In ALL cases of SAD, however, melatonin seems to be the common link in the causes of the disorder. Melatonin is a natural hormone made by the body’s pineal (pih-knee-uhl) gland.
The pineal gland lies at the base of the brain. When the sun goes down, and darkness comes, the pineal gland “goes to work.” As melatonin production rises, a person begins to feel less alert and body temperature starts to fall. Sleep seems more inviting.
Then, melatonin levels drop quickly with the dawning of a new day. Levels are so low during the day, in fact, that scientists often have difficulty detecting melatonin at all during the day.
Melatonin levels thus go hand in hand with the light-dark cycle, not just for people, but also for plants and animals that keep alert during the day.
Melatonin production is also related to age. Children manufacture more melatonin than the elderly do and melatonin production begins to drop at puberty. Also, when days become shorter and darker the production of this hormone increases.
Melatonin levels in the body determine a person’s activity and “energy” level. High melatonin levels cause drowsiness, while low melatonin levels correspond to an alert state of consciousness.
Light therapy using special light lamps is the most common ways to alleviate this struggle for alertness.
Our bodies need a full spectrum of light to carry out a variety of metabolic processes and produce melatonin at acceptable levels. Light entering the eye regulates body chemistry, and in particular, the secretion or suppression of melatonin. Note, however, that due to UV dangers, therapists do not recommend the use of tanning beds as a cure for SAD http://www.nu-light.com.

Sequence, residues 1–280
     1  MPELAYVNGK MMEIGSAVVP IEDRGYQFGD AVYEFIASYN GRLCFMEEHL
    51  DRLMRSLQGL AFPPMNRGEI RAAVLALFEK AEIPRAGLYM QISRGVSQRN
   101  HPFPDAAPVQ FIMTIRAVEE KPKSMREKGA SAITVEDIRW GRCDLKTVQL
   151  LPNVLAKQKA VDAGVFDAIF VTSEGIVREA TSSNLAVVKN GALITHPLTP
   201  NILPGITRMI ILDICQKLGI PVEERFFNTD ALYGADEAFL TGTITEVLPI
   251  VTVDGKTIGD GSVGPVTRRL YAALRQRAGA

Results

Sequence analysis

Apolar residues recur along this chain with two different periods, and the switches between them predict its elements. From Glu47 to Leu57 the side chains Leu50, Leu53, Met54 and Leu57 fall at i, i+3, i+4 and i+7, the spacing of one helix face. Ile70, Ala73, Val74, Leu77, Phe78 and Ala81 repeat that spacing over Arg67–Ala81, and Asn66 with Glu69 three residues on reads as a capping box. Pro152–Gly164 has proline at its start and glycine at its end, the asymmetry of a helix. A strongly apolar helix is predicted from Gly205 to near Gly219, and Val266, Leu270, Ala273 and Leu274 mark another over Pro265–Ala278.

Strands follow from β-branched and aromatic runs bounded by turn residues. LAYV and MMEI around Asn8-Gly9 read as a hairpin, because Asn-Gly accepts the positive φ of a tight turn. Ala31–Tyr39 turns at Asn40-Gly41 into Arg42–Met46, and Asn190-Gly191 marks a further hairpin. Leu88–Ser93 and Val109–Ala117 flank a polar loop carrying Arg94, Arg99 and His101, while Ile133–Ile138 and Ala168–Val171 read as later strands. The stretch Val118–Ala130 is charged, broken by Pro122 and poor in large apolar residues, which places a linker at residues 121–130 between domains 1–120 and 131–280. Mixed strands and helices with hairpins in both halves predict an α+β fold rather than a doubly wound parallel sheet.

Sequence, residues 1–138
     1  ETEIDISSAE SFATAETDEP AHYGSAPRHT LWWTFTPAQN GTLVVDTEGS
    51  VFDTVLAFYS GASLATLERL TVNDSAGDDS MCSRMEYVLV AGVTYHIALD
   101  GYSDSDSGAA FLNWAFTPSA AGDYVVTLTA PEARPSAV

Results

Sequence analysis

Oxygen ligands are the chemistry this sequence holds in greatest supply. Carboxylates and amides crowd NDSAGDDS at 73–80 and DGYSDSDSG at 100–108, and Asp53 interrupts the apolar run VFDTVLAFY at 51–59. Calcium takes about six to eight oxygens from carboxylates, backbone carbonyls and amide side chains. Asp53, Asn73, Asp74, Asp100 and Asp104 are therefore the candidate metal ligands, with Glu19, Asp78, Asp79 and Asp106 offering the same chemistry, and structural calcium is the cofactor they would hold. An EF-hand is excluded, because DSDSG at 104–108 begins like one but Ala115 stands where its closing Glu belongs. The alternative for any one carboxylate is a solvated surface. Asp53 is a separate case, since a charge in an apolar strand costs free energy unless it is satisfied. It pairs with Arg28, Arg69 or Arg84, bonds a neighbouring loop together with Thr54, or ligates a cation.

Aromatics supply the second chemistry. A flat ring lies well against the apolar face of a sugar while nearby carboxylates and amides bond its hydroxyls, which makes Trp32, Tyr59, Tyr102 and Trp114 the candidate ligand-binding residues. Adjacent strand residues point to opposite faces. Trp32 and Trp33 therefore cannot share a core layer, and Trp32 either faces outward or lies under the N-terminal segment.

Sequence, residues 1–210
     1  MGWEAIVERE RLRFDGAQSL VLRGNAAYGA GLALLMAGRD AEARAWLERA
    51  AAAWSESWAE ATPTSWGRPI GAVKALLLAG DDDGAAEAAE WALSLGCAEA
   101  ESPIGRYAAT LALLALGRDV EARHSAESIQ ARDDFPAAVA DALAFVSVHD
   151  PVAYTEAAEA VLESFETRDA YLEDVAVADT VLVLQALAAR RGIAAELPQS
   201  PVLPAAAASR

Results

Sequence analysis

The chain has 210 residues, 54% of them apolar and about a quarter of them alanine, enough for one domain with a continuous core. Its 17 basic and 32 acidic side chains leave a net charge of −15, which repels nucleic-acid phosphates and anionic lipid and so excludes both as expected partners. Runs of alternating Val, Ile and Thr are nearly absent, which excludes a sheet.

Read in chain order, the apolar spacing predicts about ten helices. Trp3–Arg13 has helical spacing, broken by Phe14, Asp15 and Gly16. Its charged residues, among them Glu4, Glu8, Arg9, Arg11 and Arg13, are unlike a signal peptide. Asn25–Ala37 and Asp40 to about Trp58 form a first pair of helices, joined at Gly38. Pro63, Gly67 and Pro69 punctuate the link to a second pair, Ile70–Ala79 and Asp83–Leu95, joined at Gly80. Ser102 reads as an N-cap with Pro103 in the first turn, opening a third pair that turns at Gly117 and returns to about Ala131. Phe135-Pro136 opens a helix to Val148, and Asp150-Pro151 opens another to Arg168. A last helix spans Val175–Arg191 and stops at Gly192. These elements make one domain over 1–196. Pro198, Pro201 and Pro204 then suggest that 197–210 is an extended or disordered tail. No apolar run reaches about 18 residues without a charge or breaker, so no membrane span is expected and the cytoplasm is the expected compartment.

Some very light-sensitive people who live or work in dim environments may feel improvement with increased exposure to normal room light.
Research studies show, however, that most sufferers of SAD and winter doldrums require exposure to light levels much higher than ordinary indoor lamps and ceiling fixtures provide.
Such therapeutic levels are five to twenty times higher (as measured in lux or foot-candles by a light meter) than typical indoor illumination in the home or office. Aside from these environmental treatments, some sufferers find that standard antidepressant medications provide relief, even if they do not reach their normal level of well being until spring or summer.
Many patients have been in psychotherapy and found it to be helpful to them in many ways – but unfortunately, not in relieving their SAD symptoms www.lightandions.org/blt.htm.
However, as Muslims we can have faith that the symptoms of SAD will not remain all year long. For Allah (swat) set everything in motion and the days will grow long again as soon as December 21st.
On this shortest day of the year in the Northern Hemisphere, the sun is at its lowest and weakest, a pivotal point from which the light will grow stronger and brighter once again feeding us with light and warmth. This event will alleviate SAD and make it easier to arise and perform wudu and salat.
- American Academy of Family Physicians. “Information from Your Family Doctor, Seasonal Affective Disorder.” American Academy of Family Physicians. February 2000.
- Anderson JL; Rosen LN; Mendelson WB; Jacobsen FM; Skwerer RG; Joseph-Vanderpool JR; Duncan CC; Wehr TA; Rosenthal NE. “Sleep in Fall/Winter Seasonal Affective Disorder: Effects of Light and Changing Seasons.” Journal of Psychosomatic. 1994 May, 38:4, 323-37.
- Bagby RM; Schuller DR; Levitt AJ; Joffe RT; Harkness KL. “Seasonal and Non-Seasonal Depression and the Five-Factor Model of Personality.” Canda: University of Toronto: J Affect Disorders. 1996 Jun 5, 38:2-3, 89-95.
- Birtwistle J; Martin N. “Seasonal Affective Disorder: Its Recognition and Treatment.” British Journal of Nursing. 1999 Aug, 8:15, 1004-9.
- Lindsley, Gila. “Seasonal Affective Disorder (SAD): About Light, Depression & Melatonin.” USA: New Technology Publishing, Inc.
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